Ultra Foods in Crestwood offers array of prepared dishes
By Mike Nolan email@example.com June 20, 2012 7:50PM
Greg Strahan hangs prices in the produce section for Thursday's grand opening of Ultra Foods in Crestwood, Illinois, Wednesday, June 20, 2012. | Joseph P. Meier~Sun-Times Media
Updated: July 23, 2012 7:17AM
If you’re driving along Cicero Avenue in Crestwood and smell grilled tilapia or fresh-baked chicken, it doesn’t mean a new restaurant has opened along the busy retail corridor.
It does, however, signal the opening of a grocery store that in many ways acts as though it’s a restaurant.
With supermarkets increasing their selection of prepared foods to appeal to busy shoppers, Ultra Foods will open its Crestwood store at 8 a.m. Thursday with an eye toward capturing its share of consumers who want a home-cooked meal minus the cooking part.
It will be the fifth Southland store for the Indiana-based chain, which operates 14 overall. The others are in Calumet Park, Chicago Heights, Joliet and Lansing. The same ownership operates Strack & Van Til supermarkets in Illinois and Indiana.
The new store, 13180 Cicero Ave., will operate 24 hours a day, seven days a week and represents a roughly $8 million investment by the company, Andy Raab, Ultra’s vice president of operations, said during a store tour Wednesday. It’s located in the shell of a former Dominick’s that closed in the spring of 2007.
Raab said Ultra had “been interested in it (the property) a long time” for a new store, which at 89,000 square feet is among the chain’s biggest. The interior was “pretty much gutted,” and it took nearly a year to go from empty building to opening day, he said.
Along with freshly made sub sandwiches and cooked chicken, fish, ribs and sides ready for takeout, the store features a sushi bar, a first for the chain, Raab said.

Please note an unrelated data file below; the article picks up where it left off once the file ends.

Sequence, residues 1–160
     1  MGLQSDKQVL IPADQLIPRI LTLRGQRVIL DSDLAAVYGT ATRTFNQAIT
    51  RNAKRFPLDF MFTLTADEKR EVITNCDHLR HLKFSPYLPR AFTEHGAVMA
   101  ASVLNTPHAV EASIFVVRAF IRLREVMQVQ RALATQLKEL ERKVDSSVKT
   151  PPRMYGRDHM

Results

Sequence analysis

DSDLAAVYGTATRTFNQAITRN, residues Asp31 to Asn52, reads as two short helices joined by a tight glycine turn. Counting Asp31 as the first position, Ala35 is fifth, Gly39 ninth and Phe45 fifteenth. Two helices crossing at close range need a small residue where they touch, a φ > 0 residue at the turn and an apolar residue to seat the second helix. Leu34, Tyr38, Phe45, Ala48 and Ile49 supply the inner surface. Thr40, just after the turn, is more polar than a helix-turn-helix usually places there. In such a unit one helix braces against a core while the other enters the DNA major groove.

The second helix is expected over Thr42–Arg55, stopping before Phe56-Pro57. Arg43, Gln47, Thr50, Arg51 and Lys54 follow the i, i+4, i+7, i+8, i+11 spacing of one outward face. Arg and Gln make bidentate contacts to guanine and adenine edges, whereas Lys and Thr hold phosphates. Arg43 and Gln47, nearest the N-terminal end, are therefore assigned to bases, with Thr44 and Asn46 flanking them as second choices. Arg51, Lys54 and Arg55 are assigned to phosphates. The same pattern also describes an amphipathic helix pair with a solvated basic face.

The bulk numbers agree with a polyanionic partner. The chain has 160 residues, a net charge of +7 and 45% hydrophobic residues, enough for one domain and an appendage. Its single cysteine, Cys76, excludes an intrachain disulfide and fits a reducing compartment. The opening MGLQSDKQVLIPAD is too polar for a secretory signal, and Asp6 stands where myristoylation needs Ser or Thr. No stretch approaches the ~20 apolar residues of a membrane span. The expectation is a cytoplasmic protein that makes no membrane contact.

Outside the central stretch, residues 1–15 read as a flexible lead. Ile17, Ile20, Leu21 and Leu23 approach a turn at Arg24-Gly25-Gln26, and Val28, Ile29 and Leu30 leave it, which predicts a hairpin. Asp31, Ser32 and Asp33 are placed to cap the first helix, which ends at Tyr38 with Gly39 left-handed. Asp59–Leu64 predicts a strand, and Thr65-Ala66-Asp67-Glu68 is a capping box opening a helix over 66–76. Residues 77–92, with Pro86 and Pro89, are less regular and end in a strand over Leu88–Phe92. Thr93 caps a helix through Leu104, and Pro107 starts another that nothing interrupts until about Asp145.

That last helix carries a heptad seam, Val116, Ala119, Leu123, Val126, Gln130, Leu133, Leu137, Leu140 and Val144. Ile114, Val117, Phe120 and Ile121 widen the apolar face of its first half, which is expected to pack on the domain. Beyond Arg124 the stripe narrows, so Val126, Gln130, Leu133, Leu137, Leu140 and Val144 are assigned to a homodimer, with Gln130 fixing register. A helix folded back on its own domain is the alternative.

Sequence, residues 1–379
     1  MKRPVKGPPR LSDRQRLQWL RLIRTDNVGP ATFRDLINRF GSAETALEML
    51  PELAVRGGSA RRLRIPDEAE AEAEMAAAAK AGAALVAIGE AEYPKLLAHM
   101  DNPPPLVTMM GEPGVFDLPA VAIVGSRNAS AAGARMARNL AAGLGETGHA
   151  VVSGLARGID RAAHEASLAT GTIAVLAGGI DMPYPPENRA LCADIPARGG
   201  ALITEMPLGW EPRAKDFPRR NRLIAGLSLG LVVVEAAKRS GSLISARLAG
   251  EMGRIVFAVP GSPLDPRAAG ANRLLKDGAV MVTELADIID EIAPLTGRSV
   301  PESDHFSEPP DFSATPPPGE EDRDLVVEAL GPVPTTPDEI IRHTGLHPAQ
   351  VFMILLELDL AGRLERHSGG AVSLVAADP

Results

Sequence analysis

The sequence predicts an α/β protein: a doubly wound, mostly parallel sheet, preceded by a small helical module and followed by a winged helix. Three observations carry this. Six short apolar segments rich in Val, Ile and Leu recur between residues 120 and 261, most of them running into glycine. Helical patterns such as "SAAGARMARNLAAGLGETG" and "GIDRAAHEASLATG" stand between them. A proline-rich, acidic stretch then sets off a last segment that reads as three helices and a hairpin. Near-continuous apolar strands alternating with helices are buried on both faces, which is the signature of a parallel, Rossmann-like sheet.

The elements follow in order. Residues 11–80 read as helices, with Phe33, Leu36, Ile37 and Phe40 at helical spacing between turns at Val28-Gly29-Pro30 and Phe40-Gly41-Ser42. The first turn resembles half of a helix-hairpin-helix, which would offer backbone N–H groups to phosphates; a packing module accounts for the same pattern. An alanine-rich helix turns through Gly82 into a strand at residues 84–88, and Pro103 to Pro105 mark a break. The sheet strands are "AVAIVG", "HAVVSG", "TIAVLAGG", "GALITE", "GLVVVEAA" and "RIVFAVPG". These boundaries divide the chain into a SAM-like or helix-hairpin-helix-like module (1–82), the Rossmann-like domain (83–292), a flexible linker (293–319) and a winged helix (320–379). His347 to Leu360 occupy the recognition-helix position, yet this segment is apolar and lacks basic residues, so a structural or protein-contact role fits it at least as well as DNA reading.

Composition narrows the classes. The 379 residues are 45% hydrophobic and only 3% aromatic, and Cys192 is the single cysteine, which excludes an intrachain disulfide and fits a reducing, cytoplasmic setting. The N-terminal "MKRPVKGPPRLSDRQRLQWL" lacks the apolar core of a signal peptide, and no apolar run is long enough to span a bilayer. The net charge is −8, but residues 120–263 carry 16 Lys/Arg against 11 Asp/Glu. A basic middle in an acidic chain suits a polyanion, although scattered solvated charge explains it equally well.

Beyond a selection of prepared foods, Ultra stands ready to cook fresh food that customers buy in the store, Raab said.
Order some fresh fish in the seafood department, and Ultra employees will steam, grill or fry it for you to take home, Raab said, and if you want steak, the store will cook it as well.
“We’ll do anything on the grill,” he said.
On Wednesday, Chicago-based food industry research firm Technomic released a new report, looking at the competition between restaurants and retailers for ready-to-eat meals.
Ron Paul, Technomic’s president, said in the news release that “economic conditions of the past two years shifted a lot of business away from restaurants” in favor of retailers, such as grocers. When it comes to taking home prepared food for dinner, families on a budget were more likely to opt for a grocer rather than a restaurant, according to the report.
Raab said Ultra is looking to appeal to customers who are “time-starved and looking for different food options” by offering “healthier, better solutions” that are an alternative, and often cheaper, to fast-food or family restaurant fare.
“We all fight for the same piece” of consumers’ food dollar, he said of grocers and restaurants.